Sunday, May 9, 2004

Five-year-old Marc-Julian Galicha, bottom left, 6-year-old Josiah Acuna, Leilani Dagvip, Myung So and Alysha Acuna will celebrate Mother's Day today thinking about loved ones with the 411th Battalion in Baghdad.

Soldiers’ clans
improvise Mom’s Day

Army husbands with the 411th
Battalion spend their first
big holiday in Baghdad

Leilani Dagvip is supposed to spend a typical Mother's Day breakfast this morning with her family at a Kalihi restaurant.

The only hitch is that her husband, Spc. Brandon Dagvip, is in Baghdad with the 411th Engineer Combat Battalion (Heavy), and told her to stay home and wait for a surprise.

"I talked to him on Friday," Leilani Dagvip said, "and he asked me stay home for the whole day ... I know he wants to surprise me with something. I'm sure he's thinking about flowers, but my family and his family are supposed to be at breakfast at 8."

Alysha Acuna already has her bouquet of Mother Day's flowers from her fiance, Sgt. Ceferino Ladiero, who also is in Iraq with the 411th.

"When I talked with him on Thursday," Acuna, 25, said, "he told me that since I won't be there to buy you flowers -- buy some for yourself, my mother (Maria Acuna) and his mother (Auroa Ladiero).

"He told me I should go out on a shopping spree on him." She has her eyes on a Coach leather handbag.

Mother's Day will be the first major celebration that members of the 411th will face without their spouses and girlfriends since the Hammerhead Battalion left Schofield Barracks in late March.

It is the first Mother's Day celebration Sgt. Phil So, a 16-year military veteran, will miss in his 17 years of marriage.

"Normally, he and my two sons prepare breakfast for me," said his wife, Myung So, 39. "Later since his family is on the mainland and mine is in Korea, we just go out and have a nice family dinner."

She said her husband, who handles administrative duties in the 411th's Headquarters and Support Company, called Friday and they spoke for nearly 10 minutes.

"He always tells me he's okay," she added. "He said things there are much safer there than in any other location ... but then he always says that. I don't think he would tell me if there were any difficulties or dangers."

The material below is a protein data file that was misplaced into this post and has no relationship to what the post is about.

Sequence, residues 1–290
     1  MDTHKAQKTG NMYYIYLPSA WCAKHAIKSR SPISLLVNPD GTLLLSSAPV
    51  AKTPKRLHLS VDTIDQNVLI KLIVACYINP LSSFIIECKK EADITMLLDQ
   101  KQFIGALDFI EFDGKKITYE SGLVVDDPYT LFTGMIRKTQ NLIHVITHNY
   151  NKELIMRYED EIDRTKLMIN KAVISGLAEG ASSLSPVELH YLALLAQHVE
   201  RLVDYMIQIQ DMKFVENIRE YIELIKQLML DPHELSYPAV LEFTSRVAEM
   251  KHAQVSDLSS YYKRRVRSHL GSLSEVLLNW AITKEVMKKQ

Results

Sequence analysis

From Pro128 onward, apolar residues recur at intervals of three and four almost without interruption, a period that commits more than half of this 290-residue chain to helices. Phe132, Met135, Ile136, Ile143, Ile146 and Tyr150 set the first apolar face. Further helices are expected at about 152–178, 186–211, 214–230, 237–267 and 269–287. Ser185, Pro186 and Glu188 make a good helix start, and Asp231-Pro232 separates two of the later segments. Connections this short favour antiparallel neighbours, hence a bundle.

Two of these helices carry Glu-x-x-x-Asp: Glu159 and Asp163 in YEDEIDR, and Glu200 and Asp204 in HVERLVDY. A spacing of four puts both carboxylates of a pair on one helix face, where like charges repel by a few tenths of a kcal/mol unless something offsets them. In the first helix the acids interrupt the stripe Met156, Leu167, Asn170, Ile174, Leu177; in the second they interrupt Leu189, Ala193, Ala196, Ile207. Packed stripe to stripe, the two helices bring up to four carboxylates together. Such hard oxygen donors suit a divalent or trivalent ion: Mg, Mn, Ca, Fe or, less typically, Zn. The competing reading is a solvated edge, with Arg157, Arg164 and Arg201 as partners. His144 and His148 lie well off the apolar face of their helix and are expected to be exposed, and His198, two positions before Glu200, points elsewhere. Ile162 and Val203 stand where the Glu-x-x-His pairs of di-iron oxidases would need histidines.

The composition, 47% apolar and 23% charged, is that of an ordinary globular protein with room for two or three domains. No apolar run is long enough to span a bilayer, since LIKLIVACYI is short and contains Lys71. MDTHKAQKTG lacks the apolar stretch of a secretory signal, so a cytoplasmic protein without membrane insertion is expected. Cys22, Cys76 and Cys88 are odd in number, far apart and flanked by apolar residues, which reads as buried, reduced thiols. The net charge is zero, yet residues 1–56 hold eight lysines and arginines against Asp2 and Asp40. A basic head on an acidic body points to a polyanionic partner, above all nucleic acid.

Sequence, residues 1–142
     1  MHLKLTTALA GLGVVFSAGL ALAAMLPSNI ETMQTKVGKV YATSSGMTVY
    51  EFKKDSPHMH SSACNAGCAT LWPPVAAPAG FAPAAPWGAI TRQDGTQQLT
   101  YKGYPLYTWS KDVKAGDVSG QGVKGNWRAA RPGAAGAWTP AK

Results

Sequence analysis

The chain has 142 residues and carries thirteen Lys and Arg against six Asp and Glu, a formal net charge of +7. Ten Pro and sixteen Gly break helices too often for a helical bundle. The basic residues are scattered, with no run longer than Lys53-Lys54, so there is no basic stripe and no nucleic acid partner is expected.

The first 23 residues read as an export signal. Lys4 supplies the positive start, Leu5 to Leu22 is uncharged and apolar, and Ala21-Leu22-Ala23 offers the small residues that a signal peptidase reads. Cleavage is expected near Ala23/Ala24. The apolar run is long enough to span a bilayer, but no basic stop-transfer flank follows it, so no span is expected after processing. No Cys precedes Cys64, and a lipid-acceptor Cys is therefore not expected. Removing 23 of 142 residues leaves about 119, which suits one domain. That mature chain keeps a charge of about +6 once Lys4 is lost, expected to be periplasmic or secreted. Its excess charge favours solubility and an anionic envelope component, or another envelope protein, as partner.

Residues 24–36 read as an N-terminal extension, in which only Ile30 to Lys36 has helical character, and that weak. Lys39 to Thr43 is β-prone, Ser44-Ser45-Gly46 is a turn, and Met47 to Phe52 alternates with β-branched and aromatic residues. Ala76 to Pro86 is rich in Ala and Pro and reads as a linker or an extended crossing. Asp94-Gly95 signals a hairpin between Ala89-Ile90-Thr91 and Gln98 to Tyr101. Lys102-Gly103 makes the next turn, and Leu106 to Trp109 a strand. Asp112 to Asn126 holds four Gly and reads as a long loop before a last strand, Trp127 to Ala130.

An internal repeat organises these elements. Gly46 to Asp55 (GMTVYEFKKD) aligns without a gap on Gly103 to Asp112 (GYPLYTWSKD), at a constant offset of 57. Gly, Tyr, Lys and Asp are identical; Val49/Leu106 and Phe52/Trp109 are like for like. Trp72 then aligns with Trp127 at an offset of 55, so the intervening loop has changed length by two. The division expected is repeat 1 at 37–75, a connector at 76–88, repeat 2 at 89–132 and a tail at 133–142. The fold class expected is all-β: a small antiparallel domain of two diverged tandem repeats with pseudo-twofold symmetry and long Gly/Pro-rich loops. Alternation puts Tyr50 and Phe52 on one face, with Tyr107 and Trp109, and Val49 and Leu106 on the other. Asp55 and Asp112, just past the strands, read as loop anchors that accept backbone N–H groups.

Acuna, a 1996 Waianae High School graduate, said the first couple of weeks after Ladiero, a 1999 Leilehua High School graduate, left were "the roughest."

"But the hardest was when they left Kuwait for Baghdad," said Alysha Acuna, 25, "and were traveling by convoy. That was the hardest because that was supposed to be the most dangerous part. He told me the convoy was only going to take four days. So on the fifth day I was worried when no phone call came.

"Later he said he couldn't call because several bridges had been blown up and that they were forced to stop.

"I later found out that he was driving the lead truck, which is one of the most dangerous assignments. He said that he always thought he was safe during the entire convoy operation because there were helicopters flying overhead every five minutes.

"But that really didn't reassure me," Acuna said.

Although it's only been a month since the 600 Army Reservists left Schofield, Dagvip, 20, said "it seems like forever. The days go by so slowly."

Dagvip and her husband, who is on leave from his job as a cargo agent for Aloha Airlines, graduated from Campbell High School. Brandon in 2000 and Leilani a year later.

They were introduced to each other by mutual friends and were married on Dec. 9 at a civil ceremony just after the 411th was mobilized during the Thanksgiving holidays.

Leilani Dagvip, however, still would like a formal wedding and is planning one in 2005 -- "as close to the Dec. 9 date as possible."

Of the 600 members of the 411th who were sent to Baghdad for a year as part of the 1st Cavalry Division, more than 300 are from Hawaii. The unit also has 100 reservists from different parts of the western United States, 40 from American Samoa and 150 from Alaska and Guam.

Since March 26, the 411th have been stationed at Camp Victory North, northeast of Baghdad International Airport, in what was once a former hunting reserve for Saddam Hussein. The engineers are helping to build the largest Army outpost outside of the United States0.

Acuna said the biggest problem now is communication since the reservists still have limited e-mail access and any cell phone connection "is really bad."

"It costs about 93 cent a minute for him to call by cell phone," said Acuna, "and many times we get cut off because the connection is that bad."

The couple want to get married as soon as Ladiero returns and complete their nursing degrees from Hawaii Pacific University.

Until many of the communications problems have been resolved, the Pacific Army Reserve has set aside 438-1600, ext. 3444, as a special phone line for family members seeking information about their soldiers.


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